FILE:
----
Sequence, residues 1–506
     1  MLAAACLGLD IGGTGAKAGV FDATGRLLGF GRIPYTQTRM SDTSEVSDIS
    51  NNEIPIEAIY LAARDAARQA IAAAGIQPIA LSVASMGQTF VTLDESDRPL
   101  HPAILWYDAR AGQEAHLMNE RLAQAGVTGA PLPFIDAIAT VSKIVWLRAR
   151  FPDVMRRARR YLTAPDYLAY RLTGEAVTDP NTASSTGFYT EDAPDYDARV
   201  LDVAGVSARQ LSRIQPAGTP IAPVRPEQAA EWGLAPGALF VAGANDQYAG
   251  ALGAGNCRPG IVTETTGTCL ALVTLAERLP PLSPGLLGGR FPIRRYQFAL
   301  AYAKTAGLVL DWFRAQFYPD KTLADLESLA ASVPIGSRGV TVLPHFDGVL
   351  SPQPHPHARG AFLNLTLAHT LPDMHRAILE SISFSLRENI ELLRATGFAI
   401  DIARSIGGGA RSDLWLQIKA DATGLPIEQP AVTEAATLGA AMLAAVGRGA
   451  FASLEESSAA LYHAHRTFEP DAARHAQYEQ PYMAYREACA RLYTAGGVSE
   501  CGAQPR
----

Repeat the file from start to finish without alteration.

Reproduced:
Sequence, residues 1–506
     1  MLAAACLGLD IGGTGAKAGV FDATGRLLGF GRIPYTQTRM SDTSEVSDIS
    51  NNEIPIEAIY LAARDAARQA IAAAGIQPIA LSVASMGQTF VTLDESDRPL
   101  HPAILWYDAR AGQEAHLMNE RLAQAGVTGA PLPFIDAIAT VSKIVWLRAR
   151  FPDVMRRARR YLTAPDYLAY RLTGEAVTDP NTASSTGFYT EDAPDYDARV
   201  LDVAGVSARQ LSRIQPAGTP IAPVRPEQAA EWGLAPGALF VAGANDQYAG
   251  ALGAGNCRPG IVTETTGTCL ALVTLAERLP PLSPGLLGGR FPIRRYQFAL
   301  AYAKTAGLVL DWFRAQFYPD KTLADLESLA ASVPIGSRGV TVLPHFDGVL
   351  SPQPHPHARG AFLNLTLAHT LPDMHRAILE SISFSLRENI ELLRATGFAI
   401  DIARSIGGGA RSDLWLQIKA DATGLPIEQP AVTEAATLGA AMLAAVGRGA
   451  FASLEESSAA LYHAHRTFEP DAARHAQYEQ PYMAYREACA RLYTAGGVSE
   501  CGAQPR